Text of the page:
Now seems like as good a time as any to lay my cards on the table. It seems as though I should have some kind of argument or at least guiding perspective in this project so I’m going to establish some of what I believe based on my research and coffee-fueled brain power.
My current sense is that there are several ways in which the colonial praxis of United States archaeology is strategically reifying American nationhood and national sentiment:
(1) It allows white Americans a cohesive historical identify and connection with the past.
(2) It permits a narrative in which the virtuous civilizing effect of colonization is affirmed and celebrated (this the native land as child that needs to be tamed before it can grow up into a good capitalist nation narrative).
(3) Archaeology really effectively relegated Native people to the past, an ongoing violence of occupation that serves to ameliorate white guilt and anxiety about living on stolen land.
(4) Related to (3), the temporal distance that archaeology creates also helps to protect and reaffirm white subjectivity. For this last claim, I’m going to turn to an old pal of mine, Johannes Fabian.
In his influential 1983 essay on anthropological theory, “Time and the Emerging Other: How Anthropology makes its Other,” Johannes Fabian concedes that as long as the subject seems temporally disparate from the object, that separation is much more important than anything else to the subject’s emotional perceptions of whether or not the situation is an appropriate effort for science. Fabian writes that:
“After all, it is not difficult to transpose from physics to politics one of the most ancient rules which states that it is impossible for two bodies to occupy the same space at the same time. When in the course of colonial expansion a Western body politic came to occupy, literally, the space of an autochthonous body, several alternatives were conceived…the preferred strategy has been simply to manipulate…time…I will call it a denial of coevalness. By that i mean a persistent and systematic tendency to place the referent(s) of anthropology in a Time other than the present of the producer of anthropological discourse” (1)
In other words, if part of the method by which archaeology identifies and separates its subject and object, is for the subject to create alternative, limited temporalities for their object to narratively occupy, then all that is required for the pillaging of any burial is a sense of temporal distance between the bodies and their grave un-digger. Fabian calls sharing time coevalness and insinuates that is is the most threatening object-subject relationship to the current paradigm of anthropology. The theory of invented temporality weaves in perfectly with Anglo-America’s tendency to relegate Native experience to the an unspecified distant past. With this admission of imperialist anthropological praxis, it is easy to understand how, given the American Indian’s imprisonment in an imagined alternative temporality is a well established precedent, a white researcher might see legitimate value in an archaeological excavation of a potentially quite recent burial. Fabian also distinguishes between what he understands to be accidental or unintentional anachronism with the systematically implemented temporal acrobatics which deny coevalness and promote temporal distance between object and subject. He calls this construction of “other” or “different” time the allochronism of anthropology.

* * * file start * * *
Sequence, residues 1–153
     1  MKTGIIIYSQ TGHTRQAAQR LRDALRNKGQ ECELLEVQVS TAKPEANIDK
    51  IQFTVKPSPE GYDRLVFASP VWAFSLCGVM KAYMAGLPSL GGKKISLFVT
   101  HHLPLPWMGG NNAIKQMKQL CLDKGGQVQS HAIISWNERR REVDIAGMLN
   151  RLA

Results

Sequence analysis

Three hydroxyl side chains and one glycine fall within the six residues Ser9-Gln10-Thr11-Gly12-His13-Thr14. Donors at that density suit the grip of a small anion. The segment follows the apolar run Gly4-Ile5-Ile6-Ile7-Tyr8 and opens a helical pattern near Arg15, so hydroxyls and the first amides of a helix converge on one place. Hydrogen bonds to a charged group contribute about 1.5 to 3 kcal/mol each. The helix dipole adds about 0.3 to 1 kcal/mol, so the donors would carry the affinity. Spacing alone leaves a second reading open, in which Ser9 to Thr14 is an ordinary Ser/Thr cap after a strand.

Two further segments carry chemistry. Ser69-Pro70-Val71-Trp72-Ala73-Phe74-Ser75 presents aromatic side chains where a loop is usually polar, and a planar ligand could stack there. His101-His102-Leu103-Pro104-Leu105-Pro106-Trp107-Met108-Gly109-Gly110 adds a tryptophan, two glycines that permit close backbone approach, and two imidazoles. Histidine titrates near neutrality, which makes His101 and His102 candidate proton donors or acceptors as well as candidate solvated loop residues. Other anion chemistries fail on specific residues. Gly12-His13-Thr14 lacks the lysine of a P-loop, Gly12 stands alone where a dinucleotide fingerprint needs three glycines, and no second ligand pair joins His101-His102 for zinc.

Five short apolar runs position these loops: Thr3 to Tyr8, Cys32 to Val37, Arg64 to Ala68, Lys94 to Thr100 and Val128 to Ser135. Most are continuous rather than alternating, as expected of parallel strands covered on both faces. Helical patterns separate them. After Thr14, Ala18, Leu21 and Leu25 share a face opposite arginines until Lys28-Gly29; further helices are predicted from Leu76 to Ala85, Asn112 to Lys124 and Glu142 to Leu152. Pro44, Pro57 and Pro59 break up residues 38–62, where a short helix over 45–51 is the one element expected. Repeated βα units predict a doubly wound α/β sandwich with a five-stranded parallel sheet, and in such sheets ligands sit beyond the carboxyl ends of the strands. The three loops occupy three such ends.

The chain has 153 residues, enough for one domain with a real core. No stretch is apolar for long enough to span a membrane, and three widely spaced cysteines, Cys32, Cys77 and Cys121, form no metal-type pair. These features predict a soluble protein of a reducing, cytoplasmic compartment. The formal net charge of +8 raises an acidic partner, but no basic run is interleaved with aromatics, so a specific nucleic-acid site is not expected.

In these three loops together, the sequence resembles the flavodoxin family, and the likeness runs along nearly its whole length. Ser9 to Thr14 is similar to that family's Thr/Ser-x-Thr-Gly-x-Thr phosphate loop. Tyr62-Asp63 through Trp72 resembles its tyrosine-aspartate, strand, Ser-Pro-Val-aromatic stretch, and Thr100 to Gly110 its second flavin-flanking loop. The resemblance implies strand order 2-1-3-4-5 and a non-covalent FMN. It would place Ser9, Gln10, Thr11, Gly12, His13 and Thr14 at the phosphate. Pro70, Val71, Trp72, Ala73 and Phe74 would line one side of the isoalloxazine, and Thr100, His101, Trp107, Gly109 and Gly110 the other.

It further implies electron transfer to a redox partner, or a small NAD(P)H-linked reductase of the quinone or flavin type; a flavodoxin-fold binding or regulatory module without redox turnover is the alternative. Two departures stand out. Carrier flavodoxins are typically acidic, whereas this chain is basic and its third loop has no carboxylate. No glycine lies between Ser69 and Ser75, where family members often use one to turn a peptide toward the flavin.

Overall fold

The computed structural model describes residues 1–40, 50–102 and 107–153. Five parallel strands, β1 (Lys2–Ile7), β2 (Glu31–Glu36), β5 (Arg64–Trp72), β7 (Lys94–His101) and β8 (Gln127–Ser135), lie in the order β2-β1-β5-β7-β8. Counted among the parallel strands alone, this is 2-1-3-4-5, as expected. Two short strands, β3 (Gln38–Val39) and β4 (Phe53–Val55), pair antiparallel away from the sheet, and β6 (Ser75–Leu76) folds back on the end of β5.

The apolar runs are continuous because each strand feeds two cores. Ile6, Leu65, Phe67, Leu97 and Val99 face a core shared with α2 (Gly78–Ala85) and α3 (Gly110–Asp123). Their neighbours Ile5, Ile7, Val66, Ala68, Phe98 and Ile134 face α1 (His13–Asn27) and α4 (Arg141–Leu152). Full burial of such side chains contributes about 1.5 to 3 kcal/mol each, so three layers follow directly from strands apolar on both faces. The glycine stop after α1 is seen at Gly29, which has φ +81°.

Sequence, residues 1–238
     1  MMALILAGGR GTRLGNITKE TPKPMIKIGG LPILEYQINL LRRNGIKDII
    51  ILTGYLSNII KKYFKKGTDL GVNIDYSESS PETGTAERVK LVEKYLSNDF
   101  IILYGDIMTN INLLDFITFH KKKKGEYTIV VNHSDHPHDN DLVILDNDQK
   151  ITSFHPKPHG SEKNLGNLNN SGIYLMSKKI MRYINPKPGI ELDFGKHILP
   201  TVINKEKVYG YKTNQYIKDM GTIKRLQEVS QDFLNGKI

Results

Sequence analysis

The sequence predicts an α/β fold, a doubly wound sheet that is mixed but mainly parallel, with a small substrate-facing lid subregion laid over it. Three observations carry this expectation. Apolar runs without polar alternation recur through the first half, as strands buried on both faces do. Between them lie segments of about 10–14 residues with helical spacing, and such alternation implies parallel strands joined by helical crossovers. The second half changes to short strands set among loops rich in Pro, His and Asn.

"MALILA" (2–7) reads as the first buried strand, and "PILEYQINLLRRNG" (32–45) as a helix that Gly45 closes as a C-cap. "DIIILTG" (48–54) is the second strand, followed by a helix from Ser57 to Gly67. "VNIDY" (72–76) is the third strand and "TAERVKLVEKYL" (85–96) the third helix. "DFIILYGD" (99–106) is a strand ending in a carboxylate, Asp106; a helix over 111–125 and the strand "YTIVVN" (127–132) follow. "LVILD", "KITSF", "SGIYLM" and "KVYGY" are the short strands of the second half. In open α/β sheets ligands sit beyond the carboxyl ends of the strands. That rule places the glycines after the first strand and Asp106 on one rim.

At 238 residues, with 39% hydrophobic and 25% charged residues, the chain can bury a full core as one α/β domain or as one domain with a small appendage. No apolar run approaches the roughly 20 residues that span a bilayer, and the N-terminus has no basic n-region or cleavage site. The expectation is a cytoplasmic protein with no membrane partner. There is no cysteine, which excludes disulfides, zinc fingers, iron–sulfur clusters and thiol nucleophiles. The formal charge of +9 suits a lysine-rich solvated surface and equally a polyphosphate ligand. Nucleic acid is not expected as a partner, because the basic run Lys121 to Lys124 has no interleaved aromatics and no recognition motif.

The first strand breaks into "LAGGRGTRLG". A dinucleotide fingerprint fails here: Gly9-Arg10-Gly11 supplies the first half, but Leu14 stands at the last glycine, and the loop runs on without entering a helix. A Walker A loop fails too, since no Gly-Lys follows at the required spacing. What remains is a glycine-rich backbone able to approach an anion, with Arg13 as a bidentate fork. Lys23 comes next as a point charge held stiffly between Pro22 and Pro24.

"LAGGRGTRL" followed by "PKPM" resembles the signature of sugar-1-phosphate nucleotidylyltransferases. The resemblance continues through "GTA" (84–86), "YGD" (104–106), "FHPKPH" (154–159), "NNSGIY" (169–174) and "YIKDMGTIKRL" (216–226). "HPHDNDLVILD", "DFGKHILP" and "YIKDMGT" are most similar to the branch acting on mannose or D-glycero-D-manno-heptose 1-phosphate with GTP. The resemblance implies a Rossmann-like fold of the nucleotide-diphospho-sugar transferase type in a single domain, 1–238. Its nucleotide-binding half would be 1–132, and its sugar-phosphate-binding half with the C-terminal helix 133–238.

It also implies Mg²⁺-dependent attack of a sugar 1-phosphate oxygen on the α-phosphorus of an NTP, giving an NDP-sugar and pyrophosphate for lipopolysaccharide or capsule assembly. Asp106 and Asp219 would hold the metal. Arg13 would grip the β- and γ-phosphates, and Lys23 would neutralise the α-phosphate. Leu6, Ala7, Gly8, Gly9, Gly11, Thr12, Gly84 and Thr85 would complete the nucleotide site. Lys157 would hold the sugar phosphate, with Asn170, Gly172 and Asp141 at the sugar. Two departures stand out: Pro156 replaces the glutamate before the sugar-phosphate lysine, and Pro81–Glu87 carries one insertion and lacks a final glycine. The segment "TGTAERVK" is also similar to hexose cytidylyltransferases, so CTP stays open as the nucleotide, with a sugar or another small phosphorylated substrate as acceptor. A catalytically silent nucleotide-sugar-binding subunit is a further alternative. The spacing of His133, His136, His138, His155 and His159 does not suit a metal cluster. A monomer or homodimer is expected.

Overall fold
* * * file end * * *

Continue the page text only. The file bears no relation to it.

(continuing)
Part of the ongoing power of North American archaeology is its maintenance of allochronistic spaces where native people are discursively kept. As long as we (non-Native and Native Americans) exist in fundamentally different modes, than the occupation of stolen land can continue to be justified and even championed.
AFTER THOUGHT: I view coevalness as one of those points of weakness and instability around which much nation-building occurs. Like the purse that breaks masculinity, literally just existing and being people in the same narrative space and at the same time as a native person is like catastrophic of America’s settler-colonialism.
(1)Fabian, Johannes. Time and the other: how anthropology makes its object. New York: Columbia University Press, 2002., 29-31.